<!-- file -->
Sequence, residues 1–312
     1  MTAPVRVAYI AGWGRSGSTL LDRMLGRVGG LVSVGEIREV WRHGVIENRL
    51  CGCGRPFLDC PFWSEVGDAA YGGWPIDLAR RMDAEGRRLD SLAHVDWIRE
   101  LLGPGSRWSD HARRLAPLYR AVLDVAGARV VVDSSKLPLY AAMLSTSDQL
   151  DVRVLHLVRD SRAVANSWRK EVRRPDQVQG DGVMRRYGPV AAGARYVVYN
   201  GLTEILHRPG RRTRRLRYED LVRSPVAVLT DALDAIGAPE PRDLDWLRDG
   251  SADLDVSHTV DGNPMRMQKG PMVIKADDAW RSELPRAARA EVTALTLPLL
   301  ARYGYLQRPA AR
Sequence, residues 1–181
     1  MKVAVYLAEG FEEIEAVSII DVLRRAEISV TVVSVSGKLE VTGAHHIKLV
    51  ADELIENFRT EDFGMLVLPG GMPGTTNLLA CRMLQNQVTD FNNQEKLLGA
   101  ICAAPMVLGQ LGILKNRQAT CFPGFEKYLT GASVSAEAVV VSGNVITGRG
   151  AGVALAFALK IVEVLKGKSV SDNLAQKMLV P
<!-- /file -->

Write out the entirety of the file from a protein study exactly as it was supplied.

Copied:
Sequence, residues 1–312
     1  MTAPVRVAYI AGWGRSGSTL LDRMLGRVGG LVSVGEIREV WRHGVIENRL
    51  CGCGRPFLDC PFWSEVGDAA YGGWPIDLAR RMDAEGRRLD SLAHVDWIRE
   101  LLGPGSRWSD HARRLAPLYR AVLDVAGARV VVDSSKLPLY AAMLSTSDQL
   151  DVRVLHLVRD SRAVANSWRK EVRRPDQVQG DGVMRRYGPV AAGARYVVYN
   201  GLTEILHRPG RRTRRLRYED LVRSPVAVLT DALDAIGAPE PRDLDWLRDG
   251  SADLDVSHTV DGNPMRMQKG PMVIKADDAW RSELPRAARA EVTALTLPLL
   301  ARYGYLQRPA AR
Sequence, residues 1–181
     1  MKVAVYLAEG FEEIEAVSII DVLRRAEISV TVVSVSGKLE VTGAHHIKLV
    51  ADELIENFRT EDFGMLVLPG GMPGTTNLLA CRMLQNQVTD FNNQEKLLGA
   101  ICAAPMVLGQ LGILKNRQAT CFPGFEKYLT GASVSAEAVV VSGNVITGRG
   151  AGVALAFALK IVEVLKGKSV SDNLAQKMLV P